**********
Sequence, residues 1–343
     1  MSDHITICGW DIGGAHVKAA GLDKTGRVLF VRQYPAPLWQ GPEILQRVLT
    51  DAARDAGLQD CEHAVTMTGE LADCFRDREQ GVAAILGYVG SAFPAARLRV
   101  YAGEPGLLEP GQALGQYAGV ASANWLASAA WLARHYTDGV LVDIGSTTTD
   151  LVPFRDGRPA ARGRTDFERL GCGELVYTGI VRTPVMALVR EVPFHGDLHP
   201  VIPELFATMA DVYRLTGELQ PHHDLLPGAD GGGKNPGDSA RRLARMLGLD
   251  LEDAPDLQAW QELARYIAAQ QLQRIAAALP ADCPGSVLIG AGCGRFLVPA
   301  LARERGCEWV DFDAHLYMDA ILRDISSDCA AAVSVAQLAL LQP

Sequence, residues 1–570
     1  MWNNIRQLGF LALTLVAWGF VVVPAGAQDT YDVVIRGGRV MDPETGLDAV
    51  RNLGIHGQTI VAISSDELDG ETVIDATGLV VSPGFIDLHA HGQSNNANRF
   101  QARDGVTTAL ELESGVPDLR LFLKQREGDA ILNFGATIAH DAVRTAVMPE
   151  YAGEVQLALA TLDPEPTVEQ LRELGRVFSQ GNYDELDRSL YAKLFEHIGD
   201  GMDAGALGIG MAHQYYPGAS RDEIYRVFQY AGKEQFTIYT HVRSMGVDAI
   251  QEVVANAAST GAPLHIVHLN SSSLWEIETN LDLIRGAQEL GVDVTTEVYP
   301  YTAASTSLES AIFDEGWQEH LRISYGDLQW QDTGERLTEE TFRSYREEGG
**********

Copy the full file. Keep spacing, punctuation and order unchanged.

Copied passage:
Sequence, residues 1–343
     1  MSDHITICGW DIGGAHVKAA GLDKTGRVLF VRQYPAPLWQ GPEILQRVLT
    51  DAARDAGLQD CEHAVTMTGE LADCFRDREQ GVAAILGYVG SAFPAARLRV
   101  YAGEPGLLEP GQALGQYAGV ASANWLASAA WLARHYTDGV LVDIGSTTTD
   151  LVPFRDGRPA ARGRTDFERL GCGELVYTGI VRTPVMALVR EVPFHGDLHP
   201  VIPELFATMA DVYRLTGELQ PHHDLLPGAD GGGKNPGDSA RRLARMLGLD
   251  LEDAPDLQAW QELARYIAAQ QLQRIAAALP ADCPGSVLIG AGCGRFLVPA
   301  LARERGCEWV DFDAHLYMDA ILRDISSDCA AAVSVAQLAL LQP

Sequence, residues 1–570
     1  MWNNIRQLGF LALTLVAWGF VVVPAGAQDT YDVVIRGGRV MDPETGLDAV
    51  RNLGIHGQTI VAISSDELDG ETVIDATGLV VSPGFIDLHA HGQSNNANRF
   101  QARDGVTTAL ELESGVPDLR LFLKQREGDA ILNFGATIAH DAVRTAVMPE
   151  YAGEVQLALA TLDPEPTVEQ LRELGRVFSQ GNYDELDRSL YAKLFEHIGD
   201  GMDAGALGIG MAHQYYPGAS RDEIYRVFQY AGKEQFTIYT HVRSMGVDAI
   251  QEVVANAAST GAPLHIVHLN SSSLWEIETN LDLIRGAQEL GVDVTTEVYP
   301  YTAASTSLES AIFDEGWQEH LRISYGDLQW QDTGERLTEE TFRSYREEGG